“Poison” by Chris Wooding
A great gothic novella with a strong protagonist and an intense plot. The beginning is deceiving – moving a bit slow and seemingly simplistic. The structure you’ll recognize right away as a traditional fairy tale with generic characters, so I buckled up for something straightforward and lacking in complexity. But I was wrong. After the chapter entitled “Lamprey”, everything picks up pace and Poison becomes a full blown fantasy adventure. And it’s creepy. As in, put down the book and remind yourself, “It’s just a story! It’s just a story!” kind of creepy. I can’t resist a little suspense/horror in any novel 🙂 and Poison is no exception. Chris Wooding’s unlikely use of philosophy embedded smack dab in the middle of fairy tale serves as a very nice backdrop for some real heavy duty thought amidst bone-eating blind witches and multiple personality corpses. Under no conditions should you shun this book merely because of the YA label or fairy tale semblence. A good book is a good book no matter what genre it’s under, and I firmly believe that everyone will enjoy Poison. It reads very much like a movie; very visual. One scene that really strikes me is when Poison is traveling across a gigantic spider web that stretches over a deep ravine. Everytime she moves, the web vibrates, and a giant spider runs after the source of movement. It made me so tense. The end -I won’t give it away- is sort of surprising. So much of Poison is unpredictable, and while not everyone will be pleased with the untraditional finale, I love the bittersweet current and thought-provoking message.
Movie status: None.
“Great Expectations” by Charles Dickens.
Yes, you’ve all heard of it. No doubt you were forced to thumb through all 457 pages of it in highschool, all the while not understanding a word of the Victorian narrative or the dialogue oriented plot. Maybe you were spared the “torture” of such a task and looked up key points on Sparknotes…either way, you must have heard, at one time or another, about Charles Dickens’ famous coming of age novel. Unless you’re a classic lit nerd like me, you probably aren’t interested in a story about a boy in Victorian England falling into sudden fortune via mysterious benefector, all the while pursuing a heartless young woman who toys with him. You probably don’t read that sort of thing.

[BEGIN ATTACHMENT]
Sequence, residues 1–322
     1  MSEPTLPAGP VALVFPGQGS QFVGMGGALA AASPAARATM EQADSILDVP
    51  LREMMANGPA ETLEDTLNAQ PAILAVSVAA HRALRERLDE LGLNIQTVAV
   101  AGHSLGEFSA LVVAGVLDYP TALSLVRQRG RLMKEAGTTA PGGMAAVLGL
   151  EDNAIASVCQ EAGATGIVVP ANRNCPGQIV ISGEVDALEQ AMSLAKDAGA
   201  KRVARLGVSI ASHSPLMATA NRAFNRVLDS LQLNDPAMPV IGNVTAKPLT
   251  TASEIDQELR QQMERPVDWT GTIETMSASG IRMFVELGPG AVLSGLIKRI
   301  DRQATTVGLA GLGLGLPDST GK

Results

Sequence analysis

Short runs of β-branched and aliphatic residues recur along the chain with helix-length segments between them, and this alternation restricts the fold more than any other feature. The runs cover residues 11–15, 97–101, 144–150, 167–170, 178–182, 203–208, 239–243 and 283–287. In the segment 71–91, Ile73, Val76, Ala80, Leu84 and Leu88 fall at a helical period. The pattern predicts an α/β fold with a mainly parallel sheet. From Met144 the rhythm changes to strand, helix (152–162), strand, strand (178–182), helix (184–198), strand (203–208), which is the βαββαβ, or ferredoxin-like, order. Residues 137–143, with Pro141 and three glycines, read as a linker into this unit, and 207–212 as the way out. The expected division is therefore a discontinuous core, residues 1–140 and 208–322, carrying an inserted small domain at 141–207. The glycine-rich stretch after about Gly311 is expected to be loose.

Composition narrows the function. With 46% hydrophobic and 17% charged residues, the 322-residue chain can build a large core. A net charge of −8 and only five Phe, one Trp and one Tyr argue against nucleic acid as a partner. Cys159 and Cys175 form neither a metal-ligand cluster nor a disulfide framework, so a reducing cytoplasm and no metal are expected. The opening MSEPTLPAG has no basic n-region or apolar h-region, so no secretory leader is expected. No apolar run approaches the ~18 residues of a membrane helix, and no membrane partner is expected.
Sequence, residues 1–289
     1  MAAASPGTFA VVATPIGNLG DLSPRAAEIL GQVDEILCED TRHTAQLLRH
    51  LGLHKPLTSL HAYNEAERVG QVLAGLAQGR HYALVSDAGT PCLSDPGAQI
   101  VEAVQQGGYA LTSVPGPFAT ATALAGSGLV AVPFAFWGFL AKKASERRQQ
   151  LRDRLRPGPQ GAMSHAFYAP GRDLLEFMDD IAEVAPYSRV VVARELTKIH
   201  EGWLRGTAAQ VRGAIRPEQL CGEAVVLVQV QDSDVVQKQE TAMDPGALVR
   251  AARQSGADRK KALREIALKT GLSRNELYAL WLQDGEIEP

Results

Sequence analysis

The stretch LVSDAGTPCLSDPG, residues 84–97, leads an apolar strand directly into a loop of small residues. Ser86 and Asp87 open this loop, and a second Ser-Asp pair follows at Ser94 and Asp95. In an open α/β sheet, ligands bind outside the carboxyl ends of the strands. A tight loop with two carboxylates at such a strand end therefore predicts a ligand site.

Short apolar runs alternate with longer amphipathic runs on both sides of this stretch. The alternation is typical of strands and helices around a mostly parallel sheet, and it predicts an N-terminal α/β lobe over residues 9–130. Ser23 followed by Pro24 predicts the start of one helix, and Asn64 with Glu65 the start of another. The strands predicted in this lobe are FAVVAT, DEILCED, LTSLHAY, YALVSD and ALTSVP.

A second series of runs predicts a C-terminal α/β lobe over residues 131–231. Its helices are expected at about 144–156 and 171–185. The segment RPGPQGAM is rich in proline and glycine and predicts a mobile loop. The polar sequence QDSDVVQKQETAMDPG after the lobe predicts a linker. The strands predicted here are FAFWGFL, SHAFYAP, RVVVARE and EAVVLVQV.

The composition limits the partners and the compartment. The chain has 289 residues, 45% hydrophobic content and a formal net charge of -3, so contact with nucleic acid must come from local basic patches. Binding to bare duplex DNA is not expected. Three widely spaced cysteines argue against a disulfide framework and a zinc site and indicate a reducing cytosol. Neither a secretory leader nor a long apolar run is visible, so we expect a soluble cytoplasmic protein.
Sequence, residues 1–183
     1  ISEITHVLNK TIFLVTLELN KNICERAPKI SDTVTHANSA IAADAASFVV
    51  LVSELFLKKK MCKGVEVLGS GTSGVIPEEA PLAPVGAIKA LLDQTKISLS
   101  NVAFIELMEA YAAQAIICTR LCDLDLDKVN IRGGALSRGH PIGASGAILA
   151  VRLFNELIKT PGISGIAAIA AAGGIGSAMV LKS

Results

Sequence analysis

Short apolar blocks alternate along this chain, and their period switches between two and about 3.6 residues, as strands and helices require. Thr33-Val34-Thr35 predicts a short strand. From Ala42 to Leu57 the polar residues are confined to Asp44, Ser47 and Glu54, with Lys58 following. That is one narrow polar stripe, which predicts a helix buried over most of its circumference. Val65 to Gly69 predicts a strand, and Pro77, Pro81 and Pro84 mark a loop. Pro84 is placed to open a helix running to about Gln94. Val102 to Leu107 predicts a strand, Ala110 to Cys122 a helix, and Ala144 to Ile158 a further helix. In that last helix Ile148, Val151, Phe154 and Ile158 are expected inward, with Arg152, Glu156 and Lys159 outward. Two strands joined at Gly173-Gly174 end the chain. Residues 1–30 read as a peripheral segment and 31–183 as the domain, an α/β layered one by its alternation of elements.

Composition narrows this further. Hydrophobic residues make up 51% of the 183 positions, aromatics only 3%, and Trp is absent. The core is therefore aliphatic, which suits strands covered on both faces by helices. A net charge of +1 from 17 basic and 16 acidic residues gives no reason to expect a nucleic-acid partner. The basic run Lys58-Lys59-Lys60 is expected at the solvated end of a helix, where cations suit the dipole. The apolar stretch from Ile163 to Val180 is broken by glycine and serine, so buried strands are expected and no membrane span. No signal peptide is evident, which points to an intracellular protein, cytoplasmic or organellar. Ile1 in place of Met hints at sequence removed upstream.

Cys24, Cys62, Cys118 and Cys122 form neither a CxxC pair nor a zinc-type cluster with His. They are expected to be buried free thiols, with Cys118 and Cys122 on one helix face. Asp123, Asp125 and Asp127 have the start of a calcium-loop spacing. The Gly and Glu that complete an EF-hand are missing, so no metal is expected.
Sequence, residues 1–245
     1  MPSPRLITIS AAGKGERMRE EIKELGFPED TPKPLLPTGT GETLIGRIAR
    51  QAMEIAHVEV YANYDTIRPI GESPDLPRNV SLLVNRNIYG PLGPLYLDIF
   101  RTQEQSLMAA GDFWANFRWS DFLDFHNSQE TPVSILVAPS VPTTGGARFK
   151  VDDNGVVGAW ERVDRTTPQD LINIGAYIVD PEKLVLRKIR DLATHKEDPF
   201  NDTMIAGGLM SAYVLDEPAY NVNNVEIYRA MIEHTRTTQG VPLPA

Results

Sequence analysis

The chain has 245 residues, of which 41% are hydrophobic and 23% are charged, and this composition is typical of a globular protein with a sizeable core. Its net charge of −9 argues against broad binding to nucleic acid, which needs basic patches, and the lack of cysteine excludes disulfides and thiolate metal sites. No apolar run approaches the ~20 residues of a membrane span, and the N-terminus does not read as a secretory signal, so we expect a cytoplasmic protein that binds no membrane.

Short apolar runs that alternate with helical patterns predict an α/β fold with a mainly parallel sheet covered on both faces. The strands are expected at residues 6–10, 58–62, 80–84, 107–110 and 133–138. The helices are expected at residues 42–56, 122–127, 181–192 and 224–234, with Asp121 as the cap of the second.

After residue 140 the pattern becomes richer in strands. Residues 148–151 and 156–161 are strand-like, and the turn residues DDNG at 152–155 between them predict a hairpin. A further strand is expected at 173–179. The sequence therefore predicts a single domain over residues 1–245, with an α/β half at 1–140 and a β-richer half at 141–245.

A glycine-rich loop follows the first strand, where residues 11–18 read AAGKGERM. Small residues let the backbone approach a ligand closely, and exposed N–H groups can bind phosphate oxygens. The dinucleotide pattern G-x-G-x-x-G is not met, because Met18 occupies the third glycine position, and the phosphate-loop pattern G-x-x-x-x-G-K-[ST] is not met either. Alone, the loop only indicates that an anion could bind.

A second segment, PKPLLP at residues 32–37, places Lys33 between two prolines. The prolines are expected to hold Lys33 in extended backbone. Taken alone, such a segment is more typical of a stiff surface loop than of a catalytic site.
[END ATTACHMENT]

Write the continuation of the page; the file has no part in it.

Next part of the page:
But just hear me out – this book is forever sick! From heroic Joe, to shifty Orlick…bitchy Mrs. Gargery…brutish Magwitch…ignorant Pumblechook…sweet Biddy…crooked Jaggers…optimistic Herbert…ice-queen Estella…and of course, eager young Pip, the main character, who narrates the whole tale…they all make up the meaty layers of Great Expectations. But the real reason for reading this book? Mrs. Havisham. Oh yes. The old woman has worn her wedding dress for years – her entire house is frozen in a state of traumatic waste. She wanders about the dump doing nothing, save indulging her “sick fancies” and re-living her long lost, tragic wedding day. The exact story behind that is fantastic, and I revel in her insanity, cruelty, and cryptic speeches.
Reading with Pip’s eyes, discovering twists when he does…well, it’s amazing. I can’t say too much without giving the best parts away, but rest assured that Great Expectations is one classic you don’t want to skip. Pip can get a little annoying at times (sometimes I want to punch him), but since he’s the main character and narrator, you’re kind of stuck with him. Look out for his dramatic confrontation with Estella and Mrs. Havisham in Chapter 44…it’s a winner. “O God bless you, God forgive you!” gets me every time. My heart literally breaks in two. Who could turn a deaf ear to such a speech? (Only Estella). Read this book.
Green light! Masterpiece Theatre did a version a while back, which features strong performances and accurate structure. The ending is not exactly the same, but I (almost) like it better than Dickens’ original one.
That’s all I have time for right now, but I hope you go check out these two gems hidden within the literature world.